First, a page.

'94 Cup team more than individuals
In 1995 the U.S. national team was all over the map ... literally, all over the map. When the national team flew down to Copa America that year after winning the U.S. Cup against Nigeria, Mexico and Columbia, we were a team whose starting lineup was almost completely European-based. We had guys playing in Germany, England, Spain, Italy, Greece, Denmark, Turkey and Mexico.
We were all over the place, but we loved opportunities like tournaments to come together and play while representing the U.S. Copa America was an awesome place for us to show the world that we were a great team, and a great team we were.
The World Cup in 1994 was where it all started. The team assembled by then-coach Bora Milutinovic was the beginning of something special. The 1994 team was all about one thing: personality. Bora was not afraid of it and actually, in his weird way, condoned some of our crazy behavior and our crazy hairstyles, not to mention his own hair, which still looks the same 10 years later (we used to call him the fifth Beatle).
The 1994 World Cup team was a great team to remember on the stories alone. We got back together this past weekend in D.C. and the memories were thick. So were some of the stories. It's amazing how they get embellished over the years. What am I talking about? I am the one embellishing them. Anyway, it was a special occasion for all involved and we were blessed with this opportunity to come together and play as a team again.
What a lot of people don't realize is that the team from 1995, which was mainly the guys from 1994, is responsible for establishing the National Team Players Association. It was the will of 20 guys who changed the way things are for current and future generations of soccer players in this country.
Every year the national team negotiated an appearance fee, which fluctuated between $1,000 and $2,500 depending on the game and its importance, according to the U.S. Soccer Federation. When the team arrived in South America, our contract was much different from the contract we were expecting. Needless to say, we went on strike. Many may view that as a selfish endeavor or maybe even view us as a group of troublemakers.
Well, I can tell you this, there are many things you find out along the way about your teammates. There are many decisions that you make in your playing career that will forever be remembered by your teammates and define the person and player that you are. Some are the most important you will ever make in your life. The collective decision to say 'no' was the most important decision ever made in the history of the U.S. national team.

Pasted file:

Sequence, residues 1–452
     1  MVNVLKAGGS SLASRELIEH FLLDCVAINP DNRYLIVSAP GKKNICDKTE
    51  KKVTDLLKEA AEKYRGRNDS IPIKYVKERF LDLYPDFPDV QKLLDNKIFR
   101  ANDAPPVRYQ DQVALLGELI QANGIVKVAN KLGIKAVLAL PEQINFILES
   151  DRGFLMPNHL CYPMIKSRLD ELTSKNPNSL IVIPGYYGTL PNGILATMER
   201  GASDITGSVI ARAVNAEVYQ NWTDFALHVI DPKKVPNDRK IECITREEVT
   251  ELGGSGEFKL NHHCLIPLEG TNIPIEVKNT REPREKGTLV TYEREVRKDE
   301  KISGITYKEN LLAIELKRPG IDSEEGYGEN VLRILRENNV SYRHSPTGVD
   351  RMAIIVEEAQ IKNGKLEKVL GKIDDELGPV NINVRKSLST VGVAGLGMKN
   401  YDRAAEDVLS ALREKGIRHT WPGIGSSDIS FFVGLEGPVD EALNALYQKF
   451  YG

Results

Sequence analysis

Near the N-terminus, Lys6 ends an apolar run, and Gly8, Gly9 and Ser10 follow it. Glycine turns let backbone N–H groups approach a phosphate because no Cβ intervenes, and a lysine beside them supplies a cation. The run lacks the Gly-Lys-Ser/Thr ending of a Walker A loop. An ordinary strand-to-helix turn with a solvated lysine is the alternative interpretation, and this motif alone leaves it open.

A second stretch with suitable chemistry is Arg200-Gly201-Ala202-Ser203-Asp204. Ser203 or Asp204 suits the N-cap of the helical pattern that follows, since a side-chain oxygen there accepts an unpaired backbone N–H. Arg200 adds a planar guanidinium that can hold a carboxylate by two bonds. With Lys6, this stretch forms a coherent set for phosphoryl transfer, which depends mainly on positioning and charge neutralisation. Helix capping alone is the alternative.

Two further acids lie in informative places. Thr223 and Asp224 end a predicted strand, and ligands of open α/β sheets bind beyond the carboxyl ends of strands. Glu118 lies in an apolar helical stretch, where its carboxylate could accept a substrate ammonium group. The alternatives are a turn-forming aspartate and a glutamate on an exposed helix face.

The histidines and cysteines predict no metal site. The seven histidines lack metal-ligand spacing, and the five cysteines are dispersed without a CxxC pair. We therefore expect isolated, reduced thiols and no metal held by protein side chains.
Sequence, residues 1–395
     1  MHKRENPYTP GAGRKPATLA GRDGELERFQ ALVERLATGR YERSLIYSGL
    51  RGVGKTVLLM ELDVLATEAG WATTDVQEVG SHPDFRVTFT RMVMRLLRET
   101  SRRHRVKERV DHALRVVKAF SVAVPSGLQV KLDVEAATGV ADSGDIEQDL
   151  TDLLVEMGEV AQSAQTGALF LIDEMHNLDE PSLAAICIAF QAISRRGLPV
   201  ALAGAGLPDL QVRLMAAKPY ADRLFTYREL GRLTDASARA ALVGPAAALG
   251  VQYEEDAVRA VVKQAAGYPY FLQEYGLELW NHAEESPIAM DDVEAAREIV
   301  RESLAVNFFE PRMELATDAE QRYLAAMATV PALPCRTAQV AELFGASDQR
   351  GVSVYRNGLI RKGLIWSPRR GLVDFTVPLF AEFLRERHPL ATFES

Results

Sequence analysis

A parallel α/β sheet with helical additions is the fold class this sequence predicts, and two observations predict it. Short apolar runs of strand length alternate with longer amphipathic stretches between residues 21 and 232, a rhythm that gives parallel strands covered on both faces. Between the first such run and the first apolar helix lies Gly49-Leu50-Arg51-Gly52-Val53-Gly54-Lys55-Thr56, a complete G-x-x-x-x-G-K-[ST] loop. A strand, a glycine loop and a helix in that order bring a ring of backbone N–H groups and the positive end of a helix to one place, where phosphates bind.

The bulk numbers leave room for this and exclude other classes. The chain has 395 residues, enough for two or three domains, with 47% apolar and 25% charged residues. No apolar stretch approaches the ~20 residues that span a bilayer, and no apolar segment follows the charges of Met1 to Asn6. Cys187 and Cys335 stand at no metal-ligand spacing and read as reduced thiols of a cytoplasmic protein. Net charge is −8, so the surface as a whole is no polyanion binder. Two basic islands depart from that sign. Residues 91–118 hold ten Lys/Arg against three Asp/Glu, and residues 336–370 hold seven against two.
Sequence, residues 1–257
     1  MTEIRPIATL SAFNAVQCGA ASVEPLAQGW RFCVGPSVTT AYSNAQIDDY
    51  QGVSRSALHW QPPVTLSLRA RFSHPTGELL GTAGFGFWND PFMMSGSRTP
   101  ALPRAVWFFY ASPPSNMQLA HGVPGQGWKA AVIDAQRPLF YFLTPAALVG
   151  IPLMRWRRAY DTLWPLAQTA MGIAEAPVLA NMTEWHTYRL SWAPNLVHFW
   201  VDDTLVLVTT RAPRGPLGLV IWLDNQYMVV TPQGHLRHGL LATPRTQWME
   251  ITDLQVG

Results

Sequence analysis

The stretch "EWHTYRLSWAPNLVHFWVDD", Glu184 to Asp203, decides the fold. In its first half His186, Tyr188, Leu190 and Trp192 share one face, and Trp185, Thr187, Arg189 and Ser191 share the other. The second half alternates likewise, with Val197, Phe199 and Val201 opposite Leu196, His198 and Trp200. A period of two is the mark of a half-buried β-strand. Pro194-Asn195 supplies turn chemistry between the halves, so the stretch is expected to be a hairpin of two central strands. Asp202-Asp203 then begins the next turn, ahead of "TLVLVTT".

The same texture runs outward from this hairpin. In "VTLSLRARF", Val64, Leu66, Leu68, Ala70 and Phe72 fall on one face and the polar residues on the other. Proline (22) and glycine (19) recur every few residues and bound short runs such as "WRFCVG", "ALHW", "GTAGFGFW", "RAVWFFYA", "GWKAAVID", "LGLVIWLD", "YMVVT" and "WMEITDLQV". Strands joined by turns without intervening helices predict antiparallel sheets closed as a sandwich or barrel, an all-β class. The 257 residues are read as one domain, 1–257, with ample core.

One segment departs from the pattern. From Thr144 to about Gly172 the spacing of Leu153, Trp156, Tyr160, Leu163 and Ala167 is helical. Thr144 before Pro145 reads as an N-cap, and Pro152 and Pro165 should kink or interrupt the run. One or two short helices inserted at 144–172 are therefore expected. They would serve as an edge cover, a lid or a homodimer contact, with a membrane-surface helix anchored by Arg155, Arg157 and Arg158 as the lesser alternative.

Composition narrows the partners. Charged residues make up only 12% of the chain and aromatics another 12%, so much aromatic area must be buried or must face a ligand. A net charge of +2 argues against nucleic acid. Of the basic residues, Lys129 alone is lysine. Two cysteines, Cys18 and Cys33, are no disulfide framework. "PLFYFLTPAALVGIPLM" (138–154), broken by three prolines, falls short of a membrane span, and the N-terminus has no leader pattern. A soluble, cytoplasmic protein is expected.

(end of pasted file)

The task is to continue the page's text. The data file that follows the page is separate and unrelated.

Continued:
You see, we rewrote the contract. We stood up to something we believed in. We made a decision, very similar to the decision a parent might make, for the betterment of the future of the game in our country, all the while knowing that it would have an immediate effect on our relationship with our part-time employer. We did it for the future. We did it for Landon Donovan. We did it for Eddie Gaven. We did it for every player that went on to put the jersey on after us ... and we are glad we did. We were threatened; we were scared; but, we did what we knew was right.
So when you see those guys and you judge and remember them on their good performances and their bad performances, just know that there is a little bit more to the story. This country's national soccer team is where it is because of the individuals who realized that they weren't bigger than the game and they certainly weren't willing to compromise the future growth of the sport for their own personal gain.
We lived in 12 different countries and we spoke seven different languages, but when it came to the point we were a team in every sense of the word. We weren't the best team in the world but we had heart, and we stuck together. We are a team even today because we lived through a time, as necessary as it was, we wouldn't want to have to live again. More importantly, we are proud that the kids of the future won't have to live through it either because of our efforts.
In Washington, D.C. the other day, we took the field for maybe the last time. The Celebration Game ended 2-2. I joked about it being a chance to kick the guys who made more money then us (and now you know why). For one last time, I sat in the locker room with Tab Ramos, who as always, told me that I stunk until I scored. I got the chance to get on the end of some of his passes and to watch him dribble down the right wing. I really miss that.
Thomas Dooley slide-tackled somebody and I remember thinking, 'don't go down so easily'. He got the ball and it went right to Mike Sorber who immediately starting looking for John Harkes or Ramos. I missed that too. Alexi Lalas and Balboa standing next to each other on a free kick, waiting for the cross and running back to their positions cursing when the ball flew over their head. I miss that, too. The fact is, I miss it and them a lot. They were my teammates, they are my friends and maybe in the big scheme of things, they might just be the best friends American soccer ever had.
So we tied the game, we had fun and we enjoyed being a part of what was called the Celebration game. Can anybody say, 'rematch'?
Catch Eric this weekend as the analyst on RadioShack Soccer Saturday on ESPN2. Do you have feedback on Wynalda's feedback? Please send your comments to Wynalda. The views and opinions expressed in this column are those of the author, and not necessarily those of Major League Soccer or MLSnet.com.